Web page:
For a Forum of one and a half hours, we have two books to discuss and an open discussion.  So here I have summarized and commented upon chapters one through 3.  My virtual talk will cover the chapters on the climate issues she discusses.

This is one of the best books on political ACTION I have read.  Because it is an account of a four-month action, every page is about WHAT CAN I DO?

In this note I’ll describe it generally and then zoom in on chapters 1 through 3.

     The importance of Greenpeace to Ms. Fonda’s sustained protest and the book cannot be overstated.  Here’s a quick summary mainly from Acknowledgments: The first person she consulted with her idea of going to DC for a four-month demonstration for the climate was Greenpeace’s president, Annie Leonard.  All of the planning meetings took place in Greenpeace USA headquarters in DC for the four months.  She ‘made certain we had the speakers we did” for the Fire Drill Fridays and Teach-Ins, by assigning a Greenpeace officer—Maddy Carretero—to help organize every Fire Drill Friday and Teach-In.  Ira Arlook “made sure the world knew” about the rallies.   For the book, all profits go to Greenpeace.  At invitation from Fonda, Leonard wrote the appendixes, Appendix A: “An Introduction to Understanding the Climate Emergency,” on “the science of the crisis and the urgent solutions,” and Appendix B: “Civil Disobedience.”  Who was ever praised better?  “She is a true activist leader who lives her values and always exhibits wisdom, compassion, and generosity.”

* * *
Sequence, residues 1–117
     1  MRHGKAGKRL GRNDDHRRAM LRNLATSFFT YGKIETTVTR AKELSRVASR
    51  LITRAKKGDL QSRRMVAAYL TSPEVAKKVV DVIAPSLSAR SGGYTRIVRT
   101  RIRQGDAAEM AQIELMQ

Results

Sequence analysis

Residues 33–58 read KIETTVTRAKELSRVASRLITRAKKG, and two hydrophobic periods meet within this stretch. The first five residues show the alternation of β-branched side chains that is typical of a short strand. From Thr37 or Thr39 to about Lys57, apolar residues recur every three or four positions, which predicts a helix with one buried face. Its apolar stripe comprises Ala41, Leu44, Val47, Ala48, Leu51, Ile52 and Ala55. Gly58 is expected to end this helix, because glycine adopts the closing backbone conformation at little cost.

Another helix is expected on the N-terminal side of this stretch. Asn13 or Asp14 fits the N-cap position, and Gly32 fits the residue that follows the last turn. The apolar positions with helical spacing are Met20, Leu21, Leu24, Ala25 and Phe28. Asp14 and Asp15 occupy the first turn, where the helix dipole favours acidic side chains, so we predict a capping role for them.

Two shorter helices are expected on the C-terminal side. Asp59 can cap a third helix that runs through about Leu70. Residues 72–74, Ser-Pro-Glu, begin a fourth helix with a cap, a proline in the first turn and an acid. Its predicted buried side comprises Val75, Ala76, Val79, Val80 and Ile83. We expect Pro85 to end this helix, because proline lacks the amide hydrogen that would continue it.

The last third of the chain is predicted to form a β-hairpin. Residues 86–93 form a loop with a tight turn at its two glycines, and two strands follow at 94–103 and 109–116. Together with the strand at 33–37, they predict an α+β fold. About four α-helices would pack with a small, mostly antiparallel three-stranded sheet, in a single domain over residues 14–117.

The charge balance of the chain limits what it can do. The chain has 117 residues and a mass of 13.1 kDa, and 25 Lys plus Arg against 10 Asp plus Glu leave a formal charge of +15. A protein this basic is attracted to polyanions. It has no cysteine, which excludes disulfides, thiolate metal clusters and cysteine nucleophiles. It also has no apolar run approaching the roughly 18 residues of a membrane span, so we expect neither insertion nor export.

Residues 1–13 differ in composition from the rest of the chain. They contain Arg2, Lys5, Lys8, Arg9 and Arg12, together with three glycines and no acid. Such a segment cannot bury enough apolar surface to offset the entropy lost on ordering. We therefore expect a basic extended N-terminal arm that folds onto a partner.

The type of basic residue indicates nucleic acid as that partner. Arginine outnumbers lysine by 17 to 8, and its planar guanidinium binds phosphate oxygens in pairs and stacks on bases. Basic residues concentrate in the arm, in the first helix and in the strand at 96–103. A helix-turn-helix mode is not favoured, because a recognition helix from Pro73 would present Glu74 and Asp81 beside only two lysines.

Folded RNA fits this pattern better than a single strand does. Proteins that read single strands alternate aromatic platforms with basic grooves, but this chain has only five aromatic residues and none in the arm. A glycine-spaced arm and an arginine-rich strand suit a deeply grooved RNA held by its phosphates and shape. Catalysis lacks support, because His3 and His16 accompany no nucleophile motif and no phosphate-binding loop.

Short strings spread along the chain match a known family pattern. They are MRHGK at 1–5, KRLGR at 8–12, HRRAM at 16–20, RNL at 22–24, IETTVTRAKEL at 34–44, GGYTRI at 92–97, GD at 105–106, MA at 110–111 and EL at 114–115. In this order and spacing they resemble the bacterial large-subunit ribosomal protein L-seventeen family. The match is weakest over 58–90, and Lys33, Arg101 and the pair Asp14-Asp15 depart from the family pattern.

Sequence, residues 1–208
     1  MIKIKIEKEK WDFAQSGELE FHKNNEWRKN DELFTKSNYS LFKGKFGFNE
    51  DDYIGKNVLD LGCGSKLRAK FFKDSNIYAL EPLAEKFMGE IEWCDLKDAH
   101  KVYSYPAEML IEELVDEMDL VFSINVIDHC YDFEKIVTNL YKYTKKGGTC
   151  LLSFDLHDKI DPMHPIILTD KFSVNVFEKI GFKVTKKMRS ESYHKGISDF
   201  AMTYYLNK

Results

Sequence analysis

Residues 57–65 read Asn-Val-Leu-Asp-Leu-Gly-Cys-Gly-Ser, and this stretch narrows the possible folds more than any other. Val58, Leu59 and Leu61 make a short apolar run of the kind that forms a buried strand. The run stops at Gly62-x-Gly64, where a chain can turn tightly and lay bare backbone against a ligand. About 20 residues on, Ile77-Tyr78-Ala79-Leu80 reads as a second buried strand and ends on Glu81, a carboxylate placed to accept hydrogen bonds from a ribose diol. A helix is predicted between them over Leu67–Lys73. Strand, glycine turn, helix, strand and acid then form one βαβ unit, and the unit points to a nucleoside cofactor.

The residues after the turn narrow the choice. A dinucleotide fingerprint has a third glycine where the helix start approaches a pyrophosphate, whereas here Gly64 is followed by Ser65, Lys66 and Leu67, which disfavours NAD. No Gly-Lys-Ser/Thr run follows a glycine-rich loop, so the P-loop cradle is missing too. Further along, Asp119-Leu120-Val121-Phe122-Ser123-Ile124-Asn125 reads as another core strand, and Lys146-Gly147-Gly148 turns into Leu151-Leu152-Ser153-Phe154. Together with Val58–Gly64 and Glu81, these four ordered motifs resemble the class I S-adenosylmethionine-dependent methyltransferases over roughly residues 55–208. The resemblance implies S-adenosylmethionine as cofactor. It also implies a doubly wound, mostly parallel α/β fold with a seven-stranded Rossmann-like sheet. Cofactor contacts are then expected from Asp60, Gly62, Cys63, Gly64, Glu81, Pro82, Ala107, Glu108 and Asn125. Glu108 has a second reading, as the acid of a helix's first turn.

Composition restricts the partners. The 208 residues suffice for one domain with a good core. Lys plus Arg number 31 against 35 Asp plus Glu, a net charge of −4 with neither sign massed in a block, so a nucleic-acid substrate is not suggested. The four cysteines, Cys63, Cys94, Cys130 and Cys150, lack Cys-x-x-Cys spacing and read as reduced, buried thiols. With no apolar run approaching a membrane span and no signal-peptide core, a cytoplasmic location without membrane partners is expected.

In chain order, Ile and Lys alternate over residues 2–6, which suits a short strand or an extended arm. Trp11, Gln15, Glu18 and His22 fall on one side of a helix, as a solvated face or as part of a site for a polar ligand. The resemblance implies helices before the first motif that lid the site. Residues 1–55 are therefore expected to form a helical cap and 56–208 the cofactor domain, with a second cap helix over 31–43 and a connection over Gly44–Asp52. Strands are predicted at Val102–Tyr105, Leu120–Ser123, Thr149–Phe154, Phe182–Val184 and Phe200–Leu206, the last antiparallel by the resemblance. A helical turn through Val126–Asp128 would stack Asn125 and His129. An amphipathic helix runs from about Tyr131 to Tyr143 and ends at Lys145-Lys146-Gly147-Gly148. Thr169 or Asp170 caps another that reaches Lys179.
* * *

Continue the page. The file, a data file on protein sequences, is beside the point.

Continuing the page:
Ms. Fonda’s generosity in giving credit is also shown in her Acknowledgments, where dozens of her heroes for the climate are listed and many particularized.  One of her methods in seeking an effective action is her “repeaters,” who disseminate far and wide her messages and those of the speakers at the Fire Drill Fridays and Teach-ins.  Among these are experts and her celebrity friends, who use their platforms to raise awareness: Gloria Steinem, Eve Ensler, Ted Danson, Ben Cohen, Susan Sarandon, Martin Sheen, Lily Tomlin, Emma’s Revolution, Sweet Honey in the Rock.